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Network Layer: Internet-Wide Routing & BGP Dina Katabi & Sam Madden.

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Presentation on theme: "Network Layer: Internet-Wide Routing & BGP Dina Katabi & Sam Madden."— Presentation transcript:

1 Network Layer: Internet-Wide Routing & BGP Dina Katabi & Sam Madden

2 Inter-Domain Routing The Internet is a network of Domains of Autonomous Systems (ASs) – E.g., MIT, AT&T, Stanford, … Internally, each AS runs its own routing protocol (e.g., Distance Vector)  Autonomy Across ASs, we run a different routing protocol (called BGP) AT&T MIT Sprint Interior router Border router

3 Requirements of Internet-Wide Routing Scalability – Small routing tables: Cannot have an entry per machine  causes large look up delay – Small message overhead and fast convergence: A link going up or down should not cause routing messages to spread to the whole Internet Policy-compliant – Shortest path is not the only metric; Internet Service Providers (ISPs) want to maximize revenues!

4 Idea for Scaling Need less information with increasing distance to destination  Hierarchical Routing and Addressing

5 Hierarchical Addressing The IP address space is divided into segments of contiguous chunk of addresses; each such segment is described by a prefix. A prefix is of the form x/y where x is the prefix of all addresses in the segment, and y is the length of the segment in bits Addresses that start with same prefix are co-located – E.g., all addresses that start with prefix 18/8 are in MIT Entries in the routing/forwarding table are for IP prefixes  shorter routing tables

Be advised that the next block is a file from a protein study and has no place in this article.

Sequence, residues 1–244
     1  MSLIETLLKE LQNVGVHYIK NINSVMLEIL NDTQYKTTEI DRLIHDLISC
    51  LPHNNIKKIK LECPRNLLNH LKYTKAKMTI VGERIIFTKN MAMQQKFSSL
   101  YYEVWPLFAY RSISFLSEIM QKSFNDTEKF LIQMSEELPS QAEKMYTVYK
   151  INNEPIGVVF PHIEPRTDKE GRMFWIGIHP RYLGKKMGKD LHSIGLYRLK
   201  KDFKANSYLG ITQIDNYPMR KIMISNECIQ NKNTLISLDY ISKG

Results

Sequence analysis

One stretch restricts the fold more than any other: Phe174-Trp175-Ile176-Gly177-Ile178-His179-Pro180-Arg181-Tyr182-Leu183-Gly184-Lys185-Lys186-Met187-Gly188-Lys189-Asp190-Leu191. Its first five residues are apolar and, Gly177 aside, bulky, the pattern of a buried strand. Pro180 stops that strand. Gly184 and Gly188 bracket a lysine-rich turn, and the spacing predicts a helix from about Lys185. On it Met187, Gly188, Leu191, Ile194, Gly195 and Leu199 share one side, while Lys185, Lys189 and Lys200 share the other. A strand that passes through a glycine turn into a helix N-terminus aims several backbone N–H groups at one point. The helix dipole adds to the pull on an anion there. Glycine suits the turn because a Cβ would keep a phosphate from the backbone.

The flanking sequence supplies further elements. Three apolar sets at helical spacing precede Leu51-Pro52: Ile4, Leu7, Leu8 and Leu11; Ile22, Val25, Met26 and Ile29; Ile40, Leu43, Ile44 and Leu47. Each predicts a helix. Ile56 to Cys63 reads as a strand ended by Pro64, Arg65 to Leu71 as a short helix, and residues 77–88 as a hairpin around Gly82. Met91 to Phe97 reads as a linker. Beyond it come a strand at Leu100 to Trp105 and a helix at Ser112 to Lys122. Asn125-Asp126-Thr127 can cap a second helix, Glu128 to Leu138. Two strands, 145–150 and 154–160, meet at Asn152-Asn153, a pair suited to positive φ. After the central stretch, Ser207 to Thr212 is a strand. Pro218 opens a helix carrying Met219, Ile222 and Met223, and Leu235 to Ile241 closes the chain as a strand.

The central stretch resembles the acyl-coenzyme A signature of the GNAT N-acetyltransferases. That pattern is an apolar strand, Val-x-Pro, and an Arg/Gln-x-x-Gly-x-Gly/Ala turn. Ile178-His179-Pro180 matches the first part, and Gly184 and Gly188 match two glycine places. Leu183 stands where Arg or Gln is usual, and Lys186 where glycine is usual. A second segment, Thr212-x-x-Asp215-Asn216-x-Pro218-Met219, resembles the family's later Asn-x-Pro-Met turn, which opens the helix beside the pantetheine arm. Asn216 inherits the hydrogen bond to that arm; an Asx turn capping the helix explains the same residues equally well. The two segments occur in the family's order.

6 Hierarchical Addressing Forwarding tables in Berkeley can have one entry for all MIT’s machines. E.g., (18/8, output-link) Forwarding tables in Mechanical Engineering have one entry for all machines in EECS But, a switch on the 9 th floor subnet knows about all machines on its subnet MIT 18/8 EECS 18.26/16 Mechanical 18.17/16 Dorms 18.0/16 CSAIL /17 9 th Floor in CSAIL /24

7 Longest Prefix Match A Router forwards a packet according to the entry in the forwarding table that has the longest matching prefix Link 1, output Link 2, output Link 3, output Router Forwarding Table Destination Out-link 18/8 out-link /16 out-link /24 out-link 3 Dst = /16 out-link 2

8 Hierarchical addressing and routing give us scalability Still need to tackle policies

9 NYUMIT Inter-AS Relationship: Transit vs. Peering AS-3 AS-2 AS-1 Transit ($) Peering (no money) Transit ($) Transit relationship One AS is a customer of the other AS, who is the provider; customer pays provider both for sending and receiving packets Peering relationship Two ASs forward packets for each other without exchanging money

10 Policy-Based Routing Main Rule: – An AS does not transit traffic unless it makes money of it Note Customer pays for both incoming and outgoing traffic

11 Desirable Incoming Policies AS-3 AS-2 AS-1 Transit Peering Transit AS-2 likes AS-3 to use the peering link to exchange traffic between their customers  saves money because it bypasses AS-1 But, AS-2 does not want to forward traffic between AS-3 and AS-4 because this makes AS-2 pay AS-1 for traffic that does not benefit its own customers AS-4 Transit MIT NYU Stanford